Controlled spontaneity. This dynamic contradiction originally drew Kay to Asian brush painting, an ancient art she has since incorporated into a style all her own, a mix of traditional technique and contemporary aesthetic.
After graduating from college with a BA in Art, Kay spent 14 years at a commercial art studio in Minneapolis but continued to search for her own artistic medium. In 1983, she met a “sumi-e” (Asian ink painting) artist and instantly knew she had found her visual voice. Asian paintings are simple in composition, yet full of harmony, balance and peace, all elements Kay seeks in her own life as well as in her artwork. Her paintings have since evolved and incorporated those ideas into a much more dynamic and personal artistic thumbprint. Recent accomplishments are “Best Wyoming Artist” award at the 30th Annual Watercolor Wyoming national juried exhibit in 2015.
Her focus now is P’o Mo, (translated as “splash ink”), though an ancient Chinese technique, the results look contemporary. Materials used are bamboohandled brushes, ink, watercolor and absorbent rice paper or gold covered “shikisihi” board. Thickened watercolor is poured onto the surface and allowed to bleed, blend, then dry. Kay continues the painting by defining areas with brushwork to reveal a more recognizable image. The spontaneous look of P’o Mo disguises the skill required to master the difficult medium and its special tools.
Now, she applies a wide range of techniques honed by years of practice and experimentation to the subjects she loves in life: mountainscapes that surround her Wyoming home; cranes sailing across a sunset; a frog bathing in a marbleized pool; empty but beautiful spaces. Kay’s paintings feel simultaneously fresh yet timeless.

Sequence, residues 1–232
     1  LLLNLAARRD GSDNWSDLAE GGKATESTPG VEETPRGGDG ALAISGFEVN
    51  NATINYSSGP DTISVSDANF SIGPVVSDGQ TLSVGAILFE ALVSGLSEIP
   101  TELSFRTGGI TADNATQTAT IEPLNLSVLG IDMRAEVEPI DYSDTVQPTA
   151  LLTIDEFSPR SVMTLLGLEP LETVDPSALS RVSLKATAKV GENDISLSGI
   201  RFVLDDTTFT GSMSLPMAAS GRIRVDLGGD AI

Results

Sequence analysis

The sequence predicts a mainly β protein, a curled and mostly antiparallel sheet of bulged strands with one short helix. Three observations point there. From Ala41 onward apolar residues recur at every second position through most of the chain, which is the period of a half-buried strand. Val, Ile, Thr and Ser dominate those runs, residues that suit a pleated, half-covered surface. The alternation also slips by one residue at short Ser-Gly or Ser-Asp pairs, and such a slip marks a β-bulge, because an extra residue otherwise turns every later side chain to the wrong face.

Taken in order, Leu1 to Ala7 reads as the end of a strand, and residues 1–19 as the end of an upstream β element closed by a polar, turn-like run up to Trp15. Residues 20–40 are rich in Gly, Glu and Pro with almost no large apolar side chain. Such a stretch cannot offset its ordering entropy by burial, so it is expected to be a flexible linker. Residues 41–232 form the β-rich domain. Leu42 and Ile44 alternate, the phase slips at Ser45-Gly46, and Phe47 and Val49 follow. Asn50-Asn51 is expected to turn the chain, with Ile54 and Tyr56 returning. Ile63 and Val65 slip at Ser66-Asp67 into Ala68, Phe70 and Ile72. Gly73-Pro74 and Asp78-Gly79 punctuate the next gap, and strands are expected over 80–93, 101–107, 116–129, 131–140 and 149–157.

An important element of my life and painting is simplicity. But no matter how simple a painting may appear at first glance, the viewer will notice something new each time they look at it, whether it is a gently shaded sky, a richly contrasting mountain, or a distant river created by meandering drips of watercolor. Each drip, splash and brushstroke exists to be studied, savored and enjoyed.
My eyes may see things differently than others – on a wickedly cold winter day, with white hoarfrost coating every surface including the sky, others may see a completely colorless scene.
I am solar powered – the more light, the more energy I have. My paintings are filled with light and color – lots of it. Intense, vibrant, vivid, muted, joyful, moody, saturated, soft, bright, low, high, day, night – these are all adjectives that you could pick to describe my work, and me too, I suppose. I spot a cluster of scarlet berries huddled on a thorny branch, the morning sun dazzles through the white dome of the sky, and a painting comes instantly to mind.